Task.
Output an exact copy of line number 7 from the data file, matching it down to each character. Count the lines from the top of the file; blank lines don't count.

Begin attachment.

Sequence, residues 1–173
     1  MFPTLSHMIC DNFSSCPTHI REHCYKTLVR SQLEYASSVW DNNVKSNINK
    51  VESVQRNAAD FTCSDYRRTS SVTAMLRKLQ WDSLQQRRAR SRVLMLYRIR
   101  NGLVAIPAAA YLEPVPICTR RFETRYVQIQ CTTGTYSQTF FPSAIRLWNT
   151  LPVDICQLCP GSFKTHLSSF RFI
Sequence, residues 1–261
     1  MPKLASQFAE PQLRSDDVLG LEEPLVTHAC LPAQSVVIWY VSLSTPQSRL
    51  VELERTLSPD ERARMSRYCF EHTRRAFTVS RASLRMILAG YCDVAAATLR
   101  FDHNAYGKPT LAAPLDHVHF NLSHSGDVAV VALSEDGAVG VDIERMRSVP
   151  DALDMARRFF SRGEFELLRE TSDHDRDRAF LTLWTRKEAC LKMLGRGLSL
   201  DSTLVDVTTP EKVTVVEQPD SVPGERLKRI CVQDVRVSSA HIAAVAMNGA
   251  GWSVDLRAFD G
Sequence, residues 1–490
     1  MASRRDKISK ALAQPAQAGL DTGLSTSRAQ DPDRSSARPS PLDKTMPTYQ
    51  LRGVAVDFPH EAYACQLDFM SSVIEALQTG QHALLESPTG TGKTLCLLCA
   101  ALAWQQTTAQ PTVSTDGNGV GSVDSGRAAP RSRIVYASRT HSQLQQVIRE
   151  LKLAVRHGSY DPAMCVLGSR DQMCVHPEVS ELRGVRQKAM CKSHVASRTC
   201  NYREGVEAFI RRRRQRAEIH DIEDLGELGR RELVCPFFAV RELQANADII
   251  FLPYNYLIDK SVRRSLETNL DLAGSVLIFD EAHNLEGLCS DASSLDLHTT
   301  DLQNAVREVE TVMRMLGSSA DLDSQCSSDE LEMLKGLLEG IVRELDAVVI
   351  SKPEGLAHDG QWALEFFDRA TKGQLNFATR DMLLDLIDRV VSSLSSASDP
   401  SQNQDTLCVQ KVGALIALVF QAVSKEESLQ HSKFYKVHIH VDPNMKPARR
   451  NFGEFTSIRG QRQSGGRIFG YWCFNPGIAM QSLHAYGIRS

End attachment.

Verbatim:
     1  MPKLASQFAE PQLRSDDVLG LEEPLVTHAC LPAQSVVIWY VSLSTPQSRL